Running throughout is the theme of government malfeasance and mysterious doings that might include contact with extraterrestrials. These kinds of themes find great appeal with a segment of the population. And that’s how I came to hear about it. A friend of Knotts posted a link to the INDIEGOGO site on Facebook, and that started a conversation. After a few exchanges I chimed in, posting a link to my review of the movie Fire in the Sky and comparing it to the Kecksburg production. I got this response:

…and you label “Kecksburg” as being based on fantasies by… having seen the script, perhaps? Having weighed witness testimonies in THAT incident?

..and “based on an actual event” still indicates fiction is involved, right?

Well, yes. Fiction is almost always involved in a dramatization. But there is more depth. I responded:

“as being based on fantasies” I know the Kecksburg story, and there is a load of fantasy involved. I have not read the script, but I see the promo headlining the following: “Kecksburg: It’s time for the truth! For 52 years the US Government has hidden what happened in Kecksburg. Now the truth will be known.”

I’m a reasonable person, not prone to jump to conclusions. But this has all the smell of a supposed expose of a supposed conspiracy. Stand by for an analysis of the Kecksburg story, coming soon to a blog post near you.

Hence this posting.

I cannot be sure my Facebook friend concedes to the theme of the  movie, but there are others who do, and they are legion. They are the drivers of a thriving  industry in this country and around the world. The movie JFK is unabashed in its proposal for an alternate theory of President Kennedy’s assassination. I have encountered at least one person who finds the movie to be evidence. I previously worked with some French researchers, and one remarked to me his amazement at learning many Americans believe Lee Harvey Oswald acted alone. Fact is, the French may be more inclined to accept these notions than we are. I have a book by Thierry Meyssan that goes to great length to fabricate a defiant version of the 9/11 attacks.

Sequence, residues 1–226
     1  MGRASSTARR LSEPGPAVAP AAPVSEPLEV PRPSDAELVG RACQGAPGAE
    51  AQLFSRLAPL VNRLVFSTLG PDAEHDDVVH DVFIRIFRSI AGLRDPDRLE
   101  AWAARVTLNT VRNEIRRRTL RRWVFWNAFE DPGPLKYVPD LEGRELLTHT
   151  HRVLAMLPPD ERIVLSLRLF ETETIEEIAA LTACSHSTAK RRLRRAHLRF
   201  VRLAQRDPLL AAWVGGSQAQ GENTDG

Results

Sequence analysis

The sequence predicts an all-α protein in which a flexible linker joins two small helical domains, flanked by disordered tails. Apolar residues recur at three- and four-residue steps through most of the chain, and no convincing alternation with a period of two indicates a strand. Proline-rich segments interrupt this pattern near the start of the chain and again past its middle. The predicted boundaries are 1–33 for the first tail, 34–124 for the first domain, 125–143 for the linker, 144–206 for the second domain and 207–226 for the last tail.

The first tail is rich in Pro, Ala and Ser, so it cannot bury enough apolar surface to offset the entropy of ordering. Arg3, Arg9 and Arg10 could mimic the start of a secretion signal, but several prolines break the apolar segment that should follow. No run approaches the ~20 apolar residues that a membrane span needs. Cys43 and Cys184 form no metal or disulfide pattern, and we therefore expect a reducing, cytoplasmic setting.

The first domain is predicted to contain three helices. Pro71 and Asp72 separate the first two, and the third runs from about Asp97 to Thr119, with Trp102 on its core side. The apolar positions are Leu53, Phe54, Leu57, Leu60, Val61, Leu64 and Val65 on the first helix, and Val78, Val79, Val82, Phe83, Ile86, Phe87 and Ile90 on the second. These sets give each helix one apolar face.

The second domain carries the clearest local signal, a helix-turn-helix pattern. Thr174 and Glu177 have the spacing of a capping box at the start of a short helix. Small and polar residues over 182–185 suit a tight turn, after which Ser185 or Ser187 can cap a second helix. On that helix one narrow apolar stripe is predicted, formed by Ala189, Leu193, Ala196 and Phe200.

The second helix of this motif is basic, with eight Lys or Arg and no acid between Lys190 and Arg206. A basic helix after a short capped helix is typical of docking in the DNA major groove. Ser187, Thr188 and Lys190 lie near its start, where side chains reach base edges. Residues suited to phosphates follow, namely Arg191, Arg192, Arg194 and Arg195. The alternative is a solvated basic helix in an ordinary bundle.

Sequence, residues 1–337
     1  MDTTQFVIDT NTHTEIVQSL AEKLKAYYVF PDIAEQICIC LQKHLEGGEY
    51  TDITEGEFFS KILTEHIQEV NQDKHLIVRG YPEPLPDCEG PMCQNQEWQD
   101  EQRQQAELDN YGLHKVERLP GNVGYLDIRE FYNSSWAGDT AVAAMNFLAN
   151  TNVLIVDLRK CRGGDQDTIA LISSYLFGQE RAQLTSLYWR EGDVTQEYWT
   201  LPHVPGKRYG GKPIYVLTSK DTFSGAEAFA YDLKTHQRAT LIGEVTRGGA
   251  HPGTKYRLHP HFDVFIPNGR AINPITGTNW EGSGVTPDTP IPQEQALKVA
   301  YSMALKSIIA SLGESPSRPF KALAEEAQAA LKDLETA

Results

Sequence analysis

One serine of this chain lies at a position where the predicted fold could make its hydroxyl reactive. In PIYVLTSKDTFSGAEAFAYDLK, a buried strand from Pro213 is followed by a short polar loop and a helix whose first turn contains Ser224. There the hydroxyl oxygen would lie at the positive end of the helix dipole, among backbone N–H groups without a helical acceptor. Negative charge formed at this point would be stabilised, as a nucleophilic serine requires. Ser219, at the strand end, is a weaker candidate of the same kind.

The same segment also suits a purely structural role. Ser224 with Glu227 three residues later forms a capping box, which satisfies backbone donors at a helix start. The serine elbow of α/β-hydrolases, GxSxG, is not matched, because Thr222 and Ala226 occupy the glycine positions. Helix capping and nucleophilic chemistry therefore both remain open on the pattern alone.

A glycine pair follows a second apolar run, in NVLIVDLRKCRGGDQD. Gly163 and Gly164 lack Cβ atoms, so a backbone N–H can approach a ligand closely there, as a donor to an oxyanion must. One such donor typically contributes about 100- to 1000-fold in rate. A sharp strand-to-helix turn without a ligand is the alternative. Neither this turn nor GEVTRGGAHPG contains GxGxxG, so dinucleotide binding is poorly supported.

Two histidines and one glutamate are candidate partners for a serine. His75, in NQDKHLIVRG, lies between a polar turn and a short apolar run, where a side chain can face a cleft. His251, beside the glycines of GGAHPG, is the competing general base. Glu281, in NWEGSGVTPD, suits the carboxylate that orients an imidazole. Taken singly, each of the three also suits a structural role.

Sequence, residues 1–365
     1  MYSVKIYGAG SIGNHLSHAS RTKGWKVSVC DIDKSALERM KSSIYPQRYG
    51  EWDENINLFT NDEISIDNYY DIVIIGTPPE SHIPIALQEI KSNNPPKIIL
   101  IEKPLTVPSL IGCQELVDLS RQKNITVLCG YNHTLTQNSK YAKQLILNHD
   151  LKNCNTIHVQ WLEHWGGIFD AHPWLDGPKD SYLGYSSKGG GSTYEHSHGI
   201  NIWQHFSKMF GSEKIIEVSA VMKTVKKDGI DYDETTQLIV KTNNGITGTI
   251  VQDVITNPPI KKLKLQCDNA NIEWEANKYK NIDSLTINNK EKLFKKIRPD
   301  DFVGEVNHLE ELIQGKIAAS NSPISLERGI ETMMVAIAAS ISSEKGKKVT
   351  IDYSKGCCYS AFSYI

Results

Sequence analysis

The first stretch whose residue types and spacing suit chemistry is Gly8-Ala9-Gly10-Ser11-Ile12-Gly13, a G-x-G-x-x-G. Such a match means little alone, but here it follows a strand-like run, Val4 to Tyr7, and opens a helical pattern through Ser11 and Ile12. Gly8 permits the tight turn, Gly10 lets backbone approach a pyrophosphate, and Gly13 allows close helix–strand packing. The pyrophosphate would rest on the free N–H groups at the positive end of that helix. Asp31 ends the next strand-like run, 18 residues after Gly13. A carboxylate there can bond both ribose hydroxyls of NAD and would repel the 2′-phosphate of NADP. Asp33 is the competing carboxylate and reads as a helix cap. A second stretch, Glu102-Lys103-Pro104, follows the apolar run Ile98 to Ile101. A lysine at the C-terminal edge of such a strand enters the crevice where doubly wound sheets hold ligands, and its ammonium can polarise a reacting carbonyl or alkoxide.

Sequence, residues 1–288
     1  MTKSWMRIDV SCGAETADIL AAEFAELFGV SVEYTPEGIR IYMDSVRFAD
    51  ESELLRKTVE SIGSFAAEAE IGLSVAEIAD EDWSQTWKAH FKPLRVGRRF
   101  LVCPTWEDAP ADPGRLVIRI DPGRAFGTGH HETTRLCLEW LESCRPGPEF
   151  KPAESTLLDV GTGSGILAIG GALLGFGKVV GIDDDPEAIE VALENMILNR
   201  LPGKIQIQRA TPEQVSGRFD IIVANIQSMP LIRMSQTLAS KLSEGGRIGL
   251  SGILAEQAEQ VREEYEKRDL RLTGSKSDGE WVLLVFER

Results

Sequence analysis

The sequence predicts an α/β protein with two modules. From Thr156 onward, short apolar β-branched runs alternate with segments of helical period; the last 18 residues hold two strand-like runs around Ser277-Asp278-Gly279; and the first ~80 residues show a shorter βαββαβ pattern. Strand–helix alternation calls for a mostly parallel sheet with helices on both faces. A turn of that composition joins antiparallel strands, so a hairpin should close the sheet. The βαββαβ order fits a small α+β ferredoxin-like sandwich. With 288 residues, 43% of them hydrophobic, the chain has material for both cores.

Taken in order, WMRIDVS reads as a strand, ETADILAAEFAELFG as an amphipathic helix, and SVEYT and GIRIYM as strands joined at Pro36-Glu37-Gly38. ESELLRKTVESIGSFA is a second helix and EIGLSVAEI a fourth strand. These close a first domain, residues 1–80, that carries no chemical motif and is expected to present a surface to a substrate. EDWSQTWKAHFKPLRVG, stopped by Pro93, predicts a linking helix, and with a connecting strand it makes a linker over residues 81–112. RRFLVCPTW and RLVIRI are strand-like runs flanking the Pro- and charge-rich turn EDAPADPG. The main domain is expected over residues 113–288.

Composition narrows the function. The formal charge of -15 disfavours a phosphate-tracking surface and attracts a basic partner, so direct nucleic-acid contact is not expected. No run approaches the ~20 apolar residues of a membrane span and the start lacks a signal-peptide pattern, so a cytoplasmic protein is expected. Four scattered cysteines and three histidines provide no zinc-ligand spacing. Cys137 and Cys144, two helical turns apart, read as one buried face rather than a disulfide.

Full disclosure. The producer of Southern Fried Bigfoot approached me a few years ago and asked whether I would be willing to be interviewed on camera about cryptozoology. As a result I wound up with an IMDb screen credit. Also a copy of the video for those interested in watching it.  So I have contributed in a small way to this industry.

If and when the Kecksburg movie comes out I will do a review. There will be more. Keep reading.

 

 

 

The Age Of Embarrassment

This is being cross-posted from Skeptical Analysis and may contain political content.

This takes some telling. Bear with me.

Start with a paper published in the journal Science 26 June 2015. It’s by Karl Thomas and others, and it carries the title “Possible artifacts of data biases in the recent global surface warming hiatus.” Here’s the abstract:

Much study has been devoted to the possible causes of an apparent decrease in the upward trend of global surface temperatures since 1998, a phenomenon that has been dubbed the global warming “hiatus.” Here, we present an updated global surface temperature analysis that reveals that global trends are higher than those reported by the Intergovernmental Panel on Climate Change, especially in recent decades, and that the central estimate for the rate of warming during the first 15 years of the 21st century is at least as great as the last half of the 20th century. These results do not support the notion of a “slowdown” in the increase of global surface temperature.

That was a couple of years ago. Now come forward to September of this year: